While researchers around the world expect job losses due to artificial intelligence (AI) soon, a new study has said that AI might not take as many jobs as expected.
A recent study conducted by MIT’s Computer Science and Artificial Intelligence Laboratory (CSAIL) investigated whether AI could perform tasks more efficiently than humans and whether it was cost-effective for businesses to replace human labour with AI.
The study took into consideration the broader implications of AI implementation in the labour market.
The researchers found computer vision AI can currently automate tasks that makeup 1.6 per cent of worker wages in the US economy, excluding agriculture.
However, only 23 per cent of those wages, equivalent to 0.4 per cent of the entire economy, would be cheaper for companies to automate instead of hiring human workers at current costs.
“We find that at today’s costs US businesses would choose not to automate most vision tasks that have “AI Exposure,” and that only 23 per cent of worker wages being paid for vision tasks would be attractive to automate,” the authors said.
“Overall, our findings suggest that AI job displacement will be substantial, but also gradual — and therefore there is room for (government) policy and retraining to mitigate unemployment impacts,” they added.
The study included examples of “vision tasks” that AI could achieve including analysing images from hospital diagnostic equipment or examining trays to ensure they contain the correct items.
Researchers surveyed employees to determine the share of their tasks that could be accomplished by computer vision. They subsequently developed models to assess cost-effectiveness.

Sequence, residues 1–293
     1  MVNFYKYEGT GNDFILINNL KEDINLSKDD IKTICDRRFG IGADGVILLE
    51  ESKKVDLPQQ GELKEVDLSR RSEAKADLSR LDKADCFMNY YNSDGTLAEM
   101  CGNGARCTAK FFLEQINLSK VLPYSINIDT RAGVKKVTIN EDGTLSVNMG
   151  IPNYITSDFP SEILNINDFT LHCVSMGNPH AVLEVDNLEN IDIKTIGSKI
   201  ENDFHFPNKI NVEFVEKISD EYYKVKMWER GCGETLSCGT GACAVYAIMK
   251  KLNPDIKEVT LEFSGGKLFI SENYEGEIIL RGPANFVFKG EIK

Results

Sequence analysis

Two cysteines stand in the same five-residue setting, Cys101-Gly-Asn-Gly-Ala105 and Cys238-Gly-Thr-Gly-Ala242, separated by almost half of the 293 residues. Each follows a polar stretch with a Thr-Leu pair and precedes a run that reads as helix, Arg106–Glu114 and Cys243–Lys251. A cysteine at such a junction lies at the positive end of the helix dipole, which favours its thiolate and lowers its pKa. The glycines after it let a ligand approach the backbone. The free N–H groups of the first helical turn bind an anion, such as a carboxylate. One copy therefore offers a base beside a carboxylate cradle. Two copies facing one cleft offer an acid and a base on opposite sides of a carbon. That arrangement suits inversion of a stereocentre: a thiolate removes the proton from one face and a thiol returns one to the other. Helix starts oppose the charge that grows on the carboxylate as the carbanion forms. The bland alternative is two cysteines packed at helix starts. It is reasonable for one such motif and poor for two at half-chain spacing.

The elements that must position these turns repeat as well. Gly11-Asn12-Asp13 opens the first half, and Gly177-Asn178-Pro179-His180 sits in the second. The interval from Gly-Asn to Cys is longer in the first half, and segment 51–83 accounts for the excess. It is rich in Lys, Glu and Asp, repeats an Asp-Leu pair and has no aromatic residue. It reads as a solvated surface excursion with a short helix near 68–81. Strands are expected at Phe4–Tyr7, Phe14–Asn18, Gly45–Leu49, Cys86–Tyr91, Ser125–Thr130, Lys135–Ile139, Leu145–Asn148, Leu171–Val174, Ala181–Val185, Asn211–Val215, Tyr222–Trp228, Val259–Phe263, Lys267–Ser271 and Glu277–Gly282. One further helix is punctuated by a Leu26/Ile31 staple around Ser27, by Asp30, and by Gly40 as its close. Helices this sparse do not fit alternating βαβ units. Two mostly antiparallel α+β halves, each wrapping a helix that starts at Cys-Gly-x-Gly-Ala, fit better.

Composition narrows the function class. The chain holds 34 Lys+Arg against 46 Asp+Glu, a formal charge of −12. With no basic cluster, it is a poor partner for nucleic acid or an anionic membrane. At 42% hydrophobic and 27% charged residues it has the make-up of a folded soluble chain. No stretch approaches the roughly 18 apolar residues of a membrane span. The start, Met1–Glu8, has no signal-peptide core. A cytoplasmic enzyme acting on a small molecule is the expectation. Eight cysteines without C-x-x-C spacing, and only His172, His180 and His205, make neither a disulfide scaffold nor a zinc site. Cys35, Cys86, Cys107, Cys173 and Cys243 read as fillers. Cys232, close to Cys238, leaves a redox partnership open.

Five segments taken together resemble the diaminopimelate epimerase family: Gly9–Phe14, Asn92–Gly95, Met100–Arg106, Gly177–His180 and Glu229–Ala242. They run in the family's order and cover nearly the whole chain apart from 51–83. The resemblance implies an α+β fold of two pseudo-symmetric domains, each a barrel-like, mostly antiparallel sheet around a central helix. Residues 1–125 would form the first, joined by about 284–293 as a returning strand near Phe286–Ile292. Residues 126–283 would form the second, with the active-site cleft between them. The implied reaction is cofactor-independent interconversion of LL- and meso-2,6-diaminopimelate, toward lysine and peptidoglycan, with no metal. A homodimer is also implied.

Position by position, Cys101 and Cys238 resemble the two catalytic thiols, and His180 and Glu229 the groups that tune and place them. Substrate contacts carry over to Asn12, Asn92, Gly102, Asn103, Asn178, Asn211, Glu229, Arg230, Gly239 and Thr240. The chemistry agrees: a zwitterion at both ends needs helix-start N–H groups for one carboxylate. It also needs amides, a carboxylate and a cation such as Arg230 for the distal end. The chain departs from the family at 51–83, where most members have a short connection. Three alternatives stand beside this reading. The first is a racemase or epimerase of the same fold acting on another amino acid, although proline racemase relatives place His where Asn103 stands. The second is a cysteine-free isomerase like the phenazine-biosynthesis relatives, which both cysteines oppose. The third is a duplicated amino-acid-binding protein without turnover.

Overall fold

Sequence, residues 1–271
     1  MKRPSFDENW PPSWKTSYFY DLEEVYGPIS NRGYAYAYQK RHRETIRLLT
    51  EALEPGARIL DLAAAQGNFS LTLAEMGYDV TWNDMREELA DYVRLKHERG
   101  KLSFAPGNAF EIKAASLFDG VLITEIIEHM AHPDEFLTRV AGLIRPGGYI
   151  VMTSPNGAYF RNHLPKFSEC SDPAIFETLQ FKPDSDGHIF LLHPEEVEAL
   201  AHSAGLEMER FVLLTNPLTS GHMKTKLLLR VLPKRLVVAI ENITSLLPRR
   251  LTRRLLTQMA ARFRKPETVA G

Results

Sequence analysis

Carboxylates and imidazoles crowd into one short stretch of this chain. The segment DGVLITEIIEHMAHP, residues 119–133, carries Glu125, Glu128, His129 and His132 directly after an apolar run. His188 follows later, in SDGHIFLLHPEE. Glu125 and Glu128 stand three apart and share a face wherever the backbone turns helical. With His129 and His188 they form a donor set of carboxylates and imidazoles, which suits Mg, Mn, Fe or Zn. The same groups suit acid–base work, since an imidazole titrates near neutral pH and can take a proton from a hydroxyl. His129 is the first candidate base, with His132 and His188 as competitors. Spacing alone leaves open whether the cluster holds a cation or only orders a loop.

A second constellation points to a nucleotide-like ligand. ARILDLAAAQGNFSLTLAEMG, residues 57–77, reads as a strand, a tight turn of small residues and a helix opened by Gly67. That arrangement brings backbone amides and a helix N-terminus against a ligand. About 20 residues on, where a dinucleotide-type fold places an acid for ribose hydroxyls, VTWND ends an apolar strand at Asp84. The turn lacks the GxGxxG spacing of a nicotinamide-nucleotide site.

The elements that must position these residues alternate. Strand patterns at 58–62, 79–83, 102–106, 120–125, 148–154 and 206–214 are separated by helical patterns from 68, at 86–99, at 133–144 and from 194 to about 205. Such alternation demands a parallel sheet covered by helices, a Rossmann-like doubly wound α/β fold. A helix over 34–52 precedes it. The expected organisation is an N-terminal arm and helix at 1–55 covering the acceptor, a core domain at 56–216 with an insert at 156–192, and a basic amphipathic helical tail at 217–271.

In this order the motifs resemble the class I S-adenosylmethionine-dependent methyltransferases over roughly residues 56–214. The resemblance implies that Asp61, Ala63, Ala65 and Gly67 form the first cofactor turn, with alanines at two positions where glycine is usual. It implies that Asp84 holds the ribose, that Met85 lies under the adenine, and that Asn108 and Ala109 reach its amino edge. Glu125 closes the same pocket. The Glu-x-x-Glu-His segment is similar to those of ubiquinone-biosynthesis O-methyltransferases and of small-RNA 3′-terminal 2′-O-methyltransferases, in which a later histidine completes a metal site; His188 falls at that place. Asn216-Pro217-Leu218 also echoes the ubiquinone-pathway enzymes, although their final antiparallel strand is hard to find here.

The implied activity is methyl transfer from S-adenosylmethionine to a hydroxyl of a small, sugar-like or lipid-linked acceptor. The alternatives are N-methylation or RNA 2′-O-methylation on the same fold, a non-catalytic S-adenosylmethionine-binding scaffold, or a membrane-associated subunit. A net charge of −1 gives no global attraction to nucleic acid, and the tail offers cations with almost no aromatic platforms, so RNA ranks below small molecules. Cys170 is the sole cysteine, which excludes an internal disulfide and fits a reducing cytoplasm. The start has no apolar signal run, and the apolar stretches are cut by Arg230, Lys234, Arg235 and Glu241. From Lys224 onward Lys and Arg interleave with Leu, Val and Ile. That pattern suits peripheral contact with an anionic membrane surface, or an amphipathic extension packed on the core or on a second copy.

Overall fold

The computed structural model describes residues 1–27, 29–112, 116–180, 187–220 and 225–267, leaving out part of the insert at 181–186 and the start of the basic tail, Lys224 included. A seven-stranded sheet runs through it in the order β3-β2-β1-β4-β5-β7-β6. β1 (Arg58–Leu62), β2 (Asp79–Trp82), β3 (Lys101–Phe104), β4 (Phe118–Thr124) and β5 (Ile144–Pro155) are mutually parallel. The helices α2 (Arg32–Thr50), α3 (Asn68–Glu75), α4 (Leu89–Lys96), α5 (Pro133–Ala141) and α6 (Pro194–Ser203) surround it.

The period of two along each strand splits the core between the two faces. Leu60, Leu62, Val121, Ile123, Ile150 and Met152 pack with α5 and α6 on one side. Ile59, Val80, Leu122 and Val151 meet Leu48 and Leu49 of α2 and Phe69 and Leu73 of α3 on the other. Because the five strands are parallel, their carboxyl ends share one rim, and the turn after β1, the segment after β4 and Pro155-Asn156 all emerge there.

They discovered that using AI visual detection to replace workers would rarely be worthwhile.
“We find that the median employee works in a firm where close to none of the vision tasks are cost-effective to automate. Even a firm with 5,000 employees, i.e., larger than 99.9 per cent of firms in the US, could only cost-effectively automate less than one-tenth of their existing vision labour at the current cost structure,” the researchers stated.
The study acknowledged that the cost of AI will decrease over time, but the authors don’t think it will do so as quickly as some have suggested. They also predicted that it would take some time for AI to have a major impact on these kinds of professions.
CEOs Eye GenAI
About seven out of 10 CEOs globally are planning to invest in generative artificial intelligence (genAI) this year, a new report said on Tuesday.
According to the global software-as-a-service (SaaS) company Netcore Cloud, genAI emerges as a top investment priority, with CEOs foreseeing a tangible payoff within the upcoming three to five years.
The report also suggested that consumer preferences are strongly inclined toward short-form video content, and convenient and instant transactions.
With 90 per cent of consumers convinced by videos in their product decisions, industry leaders are embracing influencer marketing, leveraging short videos to shine a spotlight on their product line, according to the report.
About 89 per cent of consumers revealed that viewing a video has tipped the scales when deciding on a product or service.
Moreover, the report noted that users actively explore brands and products on Instagram, making it the platform’s second most engaging activity, captivating 62.2 per cent of its users.
Similarly, on TikTok, 65 per cent of users rely on online reviews and creator recommendations for informed online purchase decisions.
“As we step into a future dominated by AI and automation, understanding these trends is crucial for any marketer looking to make a substantial impact,” said Mahesh Narayanan, Chief Marketing Growth Officer at Netcore Cloud.
Further, the report mentioned that as user preferences for different channels gain importance, companies embracing robust omnichannel engagement stand to earn up to a 9.5 per cent annual revenue surge.
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